Colorado. In 2010, the state legislature passed a law requiring large online retailers either to collect sales tax or to provide the state with customer information. In response, Amazon closed its Colorado affiliates program. In January 2011, a federal judge effectively halted any income the state might receive from the law.
Connecticut. Legislation to impose Internet sales tax has been approved by the state’s legislative finance committee. The bill targets purchases shipped to Connecticut residents, if the online retailer has realized as little as $2,000 a year in sales from Connecticut-based referral sites. The bill now heads to the full state congress for debate, and possible passage.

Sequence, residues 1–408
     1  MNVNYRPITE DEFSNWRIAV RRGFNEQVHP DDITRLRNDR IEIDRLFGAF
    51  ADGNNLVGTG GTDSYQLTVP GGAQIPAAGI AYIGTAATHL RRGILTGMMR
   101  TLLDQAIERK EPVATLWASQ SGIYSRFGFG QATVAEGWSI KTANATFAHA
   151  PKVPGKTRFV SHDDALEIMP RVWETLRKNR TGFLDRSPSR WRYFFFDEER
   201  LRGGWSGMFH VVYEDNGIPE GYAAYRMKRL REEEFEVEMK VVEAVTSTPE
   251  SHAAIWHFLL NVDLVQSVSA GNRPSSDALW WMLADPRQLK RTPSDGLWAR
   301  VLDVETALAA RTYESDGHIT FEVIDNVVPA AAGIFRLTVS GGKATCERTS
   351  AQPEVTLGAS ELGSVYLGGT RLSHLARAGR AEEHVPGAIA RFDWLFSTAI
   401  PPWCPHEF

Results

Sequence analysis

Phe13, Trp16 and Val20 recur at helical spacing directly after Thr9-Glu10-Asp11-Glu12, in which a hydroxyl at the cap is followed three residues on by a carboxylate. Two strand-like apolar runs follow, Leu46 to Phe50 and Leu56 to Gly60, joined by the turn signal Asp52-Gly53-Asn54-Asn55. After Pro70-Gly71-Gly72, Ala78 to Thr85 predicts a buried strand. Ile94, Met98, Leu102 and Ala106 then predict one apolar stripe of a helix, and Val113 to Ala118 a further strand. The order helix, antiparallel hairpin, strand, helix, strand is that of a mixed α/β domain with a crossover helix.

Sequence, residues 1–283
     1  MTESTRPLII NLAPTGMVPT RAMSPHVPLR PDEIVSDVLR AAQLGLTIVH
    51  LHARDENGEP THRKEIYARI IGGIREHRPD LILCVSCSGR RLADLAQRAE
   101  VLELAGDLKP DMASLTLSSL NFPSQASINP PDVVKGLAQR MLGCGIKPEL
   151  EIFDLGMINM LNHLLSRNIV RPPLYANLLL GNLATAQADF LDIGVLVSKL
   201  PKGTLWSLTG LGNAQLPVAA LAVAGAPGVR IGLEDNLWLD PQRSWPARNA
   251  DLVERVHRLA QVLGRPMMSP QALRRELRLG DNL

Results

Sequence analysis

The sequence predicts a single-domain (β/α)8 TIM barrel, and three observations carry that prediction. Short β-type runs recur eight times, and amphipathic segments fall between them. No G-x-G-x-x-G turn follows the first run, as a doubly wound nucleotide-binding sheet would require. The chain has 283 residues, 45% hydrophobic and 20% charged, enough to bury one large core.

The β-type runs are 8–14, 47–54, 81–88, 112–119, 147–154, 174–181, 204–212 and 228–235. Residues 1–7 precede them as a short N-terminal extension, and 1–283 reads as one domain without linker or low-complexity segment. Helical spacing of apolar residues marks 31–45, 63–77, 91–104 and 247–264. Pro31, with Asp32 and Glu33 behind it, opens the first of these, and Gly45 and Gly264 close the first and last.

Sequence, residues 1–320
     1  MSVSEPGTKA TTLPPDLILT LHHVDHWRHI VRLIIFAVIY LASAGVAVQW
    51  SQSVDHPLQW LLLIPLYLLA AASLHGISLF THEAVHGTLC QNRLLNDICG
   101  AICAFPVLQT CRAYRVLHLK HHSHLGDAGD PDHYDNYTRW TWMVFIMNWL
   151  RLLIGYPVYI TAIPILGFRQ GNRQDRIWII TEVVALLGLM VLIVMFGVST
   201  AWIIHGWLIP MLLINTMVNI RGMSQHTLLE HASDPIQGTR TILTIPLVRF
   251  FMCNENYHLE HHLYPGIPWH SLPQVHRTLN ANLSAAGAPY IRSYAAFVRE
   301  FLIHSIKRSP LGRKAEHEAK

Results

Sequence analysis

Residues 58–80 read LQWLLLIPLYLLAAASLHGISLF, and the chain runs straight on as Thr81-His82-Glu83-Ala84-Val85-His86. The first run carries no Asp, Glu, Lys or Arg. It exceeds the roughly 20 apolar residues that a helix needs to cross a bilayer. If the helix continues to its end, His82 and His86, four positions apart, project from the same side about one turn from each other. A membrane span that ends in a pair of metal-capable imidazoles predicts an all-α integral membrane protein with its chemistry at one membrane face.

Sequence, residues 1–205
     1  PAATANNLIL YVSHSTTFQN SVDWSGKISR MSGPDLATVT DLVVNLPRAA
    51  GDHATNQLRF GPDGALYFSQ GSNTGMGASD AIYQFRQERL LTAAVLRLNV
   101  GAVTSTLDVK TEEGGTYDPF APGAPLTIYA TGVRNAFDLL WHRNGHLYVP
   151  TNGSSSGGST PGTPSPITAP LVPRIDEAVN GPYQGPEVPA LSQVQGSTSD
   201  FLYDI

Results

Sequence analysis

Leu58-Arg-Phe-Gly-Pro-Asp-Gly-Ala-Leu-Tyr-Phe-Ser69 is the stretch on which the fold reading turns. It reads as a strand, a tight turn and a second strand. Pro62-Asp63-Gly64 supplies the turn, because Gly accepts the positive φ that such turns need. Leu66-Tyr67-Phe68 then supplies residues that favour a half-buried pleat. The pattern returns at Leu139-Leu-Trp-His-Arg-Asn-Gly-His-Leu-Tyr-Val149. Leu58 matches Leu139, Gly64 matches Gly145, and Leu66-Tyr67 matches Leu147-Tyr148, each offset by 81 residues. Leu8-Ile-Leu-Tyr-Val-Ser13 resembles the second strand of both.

Hawaii. In 2009, Amazon shut down its affiliates program as the state attempted to pass sales tax law. In March 2011, Hawaii lawmakers again introduced sales tax legislation, requiring online retailers with Hawaii affiliates either to collect sales tax or to provide the state with customer information.
Illinois. In March 2011, Gov. Quinn signed a law, called the Main Street Fairness Act, requiring any Internet retailer with Illinois affiliates to collect sales tax. The law applies to merchants with $10,000 in annual, statewide affiliate sales. Amazon closed its Illinois affiliates program.
Massachusetts. State lawmakers have introduced two bills imposing tax collection responsibilities on Internet retailers with state affiliates and more than $10,000 a year in sales from state residents.